"Are you without sin to cast the first stone? Or do you think, Thomas and Fitz, that you might try contending with the logs in your own eyes? Are you brave enough to do that?"


Interestingly, the Gospel quote you use contrasts beam with speck, (i.e.- it precisely indicates a matter of degree.) Also it requires the removal of said “beam” for the express purpose of having the ability to help your neighbor then remove his “speck”.

King James version of Matthew 7:3

Elizabeth Kaeton said...

Fitz,

I have deleted one of your posts but allowed this, your last post.

You have no intention of entering into dialogue. You just want to engage in what I would call "scriptural gymnastics."

I will not post any more of your comments unless you desire to earnestly to enter into dialogue.

But, my experience teaches me that anyone who quotes KJV has no question - only opinions.

You have LOTS and LOTS and LOTS of conservative blogs in which to dump your poision. Do it there. Not here.

Thank you. Have a nice day.

Grace said...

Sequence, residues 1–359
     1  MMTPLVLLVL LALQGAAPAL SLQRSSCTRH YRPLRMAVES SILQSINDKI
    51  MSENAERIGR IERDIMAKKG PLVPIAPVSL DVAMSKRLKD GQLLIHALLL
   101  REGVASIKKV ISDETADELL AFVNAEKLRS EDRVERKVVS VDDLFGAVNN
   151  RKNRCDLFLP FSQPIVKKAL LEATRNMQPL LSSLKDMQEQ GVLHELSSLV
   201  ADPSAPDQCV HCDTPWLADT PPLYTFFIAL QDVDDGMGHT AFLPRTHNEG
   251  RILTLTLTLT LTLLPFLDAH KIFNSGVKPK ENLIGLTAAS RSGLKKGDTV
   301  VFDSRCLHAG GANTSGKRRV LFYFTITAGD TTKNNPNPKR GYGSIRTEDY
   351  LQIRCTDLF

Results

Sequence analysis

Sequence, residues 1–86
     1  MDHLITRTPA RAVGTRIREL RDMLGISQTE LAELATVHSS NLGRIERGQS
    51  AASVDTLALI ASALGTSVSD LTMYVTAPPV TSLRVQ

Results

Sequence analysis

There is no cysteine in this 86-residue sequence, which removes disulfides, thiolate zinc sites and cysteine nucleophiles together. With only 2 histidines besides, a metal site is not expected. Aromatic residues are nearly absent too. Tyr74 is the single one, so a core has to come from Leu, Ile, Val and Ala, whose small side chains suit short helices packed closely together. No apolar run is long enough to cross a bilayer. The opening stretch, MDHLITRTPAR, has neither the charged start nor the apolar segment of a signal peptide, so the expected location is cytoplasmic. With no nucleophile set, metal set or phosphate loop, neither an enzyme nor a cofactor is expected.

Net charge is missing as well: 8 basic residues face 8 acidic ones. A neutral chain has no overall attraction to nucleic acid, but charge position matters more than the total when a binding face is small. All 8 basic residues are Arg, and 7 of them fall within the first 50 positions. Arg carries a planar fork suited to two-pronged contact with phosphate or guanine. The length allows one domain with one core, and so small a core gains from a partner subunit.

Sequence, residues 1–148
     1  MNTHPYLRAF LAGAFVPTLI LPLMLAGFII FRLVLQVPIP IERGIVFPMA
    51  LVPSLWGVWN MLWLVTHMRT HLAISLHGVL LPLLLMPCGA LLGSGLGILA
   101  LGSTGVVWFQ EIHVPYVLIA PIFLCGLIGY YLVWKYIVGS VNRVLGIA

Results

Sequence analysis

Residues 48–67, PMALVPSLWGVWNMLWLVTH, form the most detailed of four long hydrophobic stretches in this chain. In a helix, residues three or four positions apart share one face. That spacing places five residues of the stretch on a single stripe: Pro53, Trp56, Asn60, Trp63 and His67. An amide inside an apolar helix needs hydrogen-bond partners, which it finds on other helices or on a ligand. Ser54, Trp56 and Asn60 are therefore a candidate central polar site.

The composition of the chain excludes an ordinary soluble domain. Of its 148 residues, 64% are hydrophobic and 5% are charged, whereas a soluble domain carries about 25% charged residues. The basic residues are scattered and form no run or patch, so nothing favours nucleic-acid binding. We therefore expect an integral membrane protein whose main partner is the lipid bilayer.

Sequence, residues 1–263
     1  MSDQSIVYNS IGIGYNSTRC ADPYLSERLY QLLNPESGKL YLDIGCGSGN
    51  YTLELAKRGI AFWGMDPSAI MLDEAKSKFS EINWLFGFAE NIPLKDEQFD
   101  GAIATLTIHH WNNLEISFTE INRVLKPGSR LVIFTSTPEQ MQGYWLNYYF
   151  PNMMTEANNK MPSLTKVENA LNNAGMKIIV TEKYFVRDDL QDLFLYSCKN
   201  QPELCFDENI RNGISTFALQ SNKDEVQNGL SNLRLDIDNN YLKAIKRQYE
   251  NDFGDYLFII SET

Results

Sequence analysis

Fitz,

I agree that we need to guard our hearts and minds in Christ Jesus, and be concerned to not let our thinking as Christians just be driven and shaped by political and social agenda. But, I think this can happen both from the left and from the right.

I can personally share with you that I tend to be fairly conservative/moderate in my thinking, theologically, and even in most issues politically. So for me, to want to advocate for GLBT equality, and the blessing of SSU is an anamoly.

But, my whole heart is to show Christ's love, to have a concern for the gospel, to not want to be a stumbling block to anyone's faith, etc.

I can honestly say that for me this has nothing to do with these social revolutions, or with some kind of desire for androgyny. It's further from my thinking than you can possibly think. I'm totally committed to Christian missions and evangelism.

Eileen said...

oooo...Fitz uses big words...sophmoric and misandry (to go with his misogyny and his own sophistry...)

A big yawn and a resounding whatever, Fitz. Get. over. it.

Blessings, E.+!